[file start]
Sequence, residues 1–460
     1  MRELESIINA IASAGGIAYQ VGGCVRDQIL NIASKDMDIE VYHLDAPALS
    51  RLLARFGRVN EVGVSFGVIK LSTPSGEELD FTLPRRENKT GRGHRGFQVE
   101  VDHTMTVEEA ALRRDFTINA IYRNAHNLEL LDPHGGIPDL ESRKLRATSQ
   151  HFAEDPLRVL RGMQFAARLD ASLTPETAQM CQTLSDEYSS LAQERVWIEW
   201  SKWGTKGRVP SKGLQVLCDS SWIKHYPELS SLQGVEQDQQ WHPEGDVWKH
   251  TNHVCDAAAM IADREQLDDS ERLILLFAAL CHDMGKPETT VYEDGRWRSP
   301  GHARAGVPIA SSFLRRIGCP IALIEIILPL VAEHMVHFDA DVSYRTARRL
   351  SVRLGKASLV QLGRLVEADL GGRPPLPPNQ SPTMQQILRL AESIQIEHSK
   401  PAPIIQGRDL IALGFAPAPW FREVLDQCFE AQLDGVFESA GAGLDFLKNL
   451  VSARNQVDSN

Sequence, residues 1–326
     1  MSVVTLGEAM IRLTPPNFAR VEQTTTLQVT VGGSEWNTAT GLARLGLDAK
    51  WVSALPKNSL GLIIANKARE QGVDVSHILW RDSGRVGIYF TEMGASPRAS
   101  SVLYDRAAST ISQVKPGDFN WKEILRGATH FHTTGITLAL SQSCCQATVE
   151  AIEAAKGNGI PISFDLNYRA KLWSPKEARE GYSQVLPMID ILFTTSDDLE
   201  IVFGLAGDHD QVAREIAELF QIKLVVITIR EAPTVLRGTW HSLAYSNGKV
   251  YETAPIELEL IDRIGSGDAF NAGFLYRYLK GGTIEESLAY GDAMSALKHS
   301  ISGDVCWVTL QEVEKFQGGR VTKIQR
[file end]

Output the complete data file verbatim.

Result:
Sequence, residues 1–460
     1  MRELESIINA IASAGGIAYQ VGGCVRDQIL NIASKDMDIE VYHLDAPALS
    51  RLLARFGRVN EVGVSFGVIK LSTPSGEELD FTLPRRENKT GRGHRGFQVE
   101  VDHTMTVEEA ALRRDFTINA IYRNAHNLEL LDPHGGIPDL ESRKLRATSQ
   151  HFAEDPLRVL RGMQFAARLD ASLTPETAQM CQTLSDEYSS LAQERVWIEW
   201  SKWGTKGRVP SKGLQVLCDS SWIKHYPELS SLQGVEQDQQ WHPEGDVWKH
   251  TNHVCDAAAM IADREQLDDS ERLILLFAAL CHDMGKPETT VYEDGRWRSP
   301  GHARAGVPIA SSFLRRIGCP IALIEIILPL VAEHMVHFDA DVSYRTARRL
   351  SVRLGKASLV QLGRLVEADL GGRPPLPPNQ SPTMQQILRL AESIQIEHSK
   401  PAPIIQGRDL IALGFAPAPW FREVLDQCFE AQLDGVFESA GAGLDFLKNL
   451  VSARNQVDSN

Sequence, residues 1–326
     1  MSVVTLGEAM IRLTPPNFAR VEQTTTLQVT VGGSEWNTAT GLARLGLDAK
    51  WVSALPKNSL GLIIANKARE QGVDVSHILW RDSGRVGIYF TEMGASPRAS
   101  SVLYDRAAST ISQVKPGDFN WKEILRGATH FHTTGITLAL SQSCCQATVE
   151  AIEAAKGNGI PISFDLNYRA KLWSPKEARE GYSQVLPMID ILFTTSDDLE
   201  IVFGLAGDHD QVAREIAELF QIKLVVITIR EAPTVLRGTW HSLAYSNGKV
   251  YETAPIELEL IDRIGSGDAF NAGFLYRYLK GGTIEESLAY GDAMSALKHS
   301  ISGDVCWVTL QEVEKFQGGR VTKIQR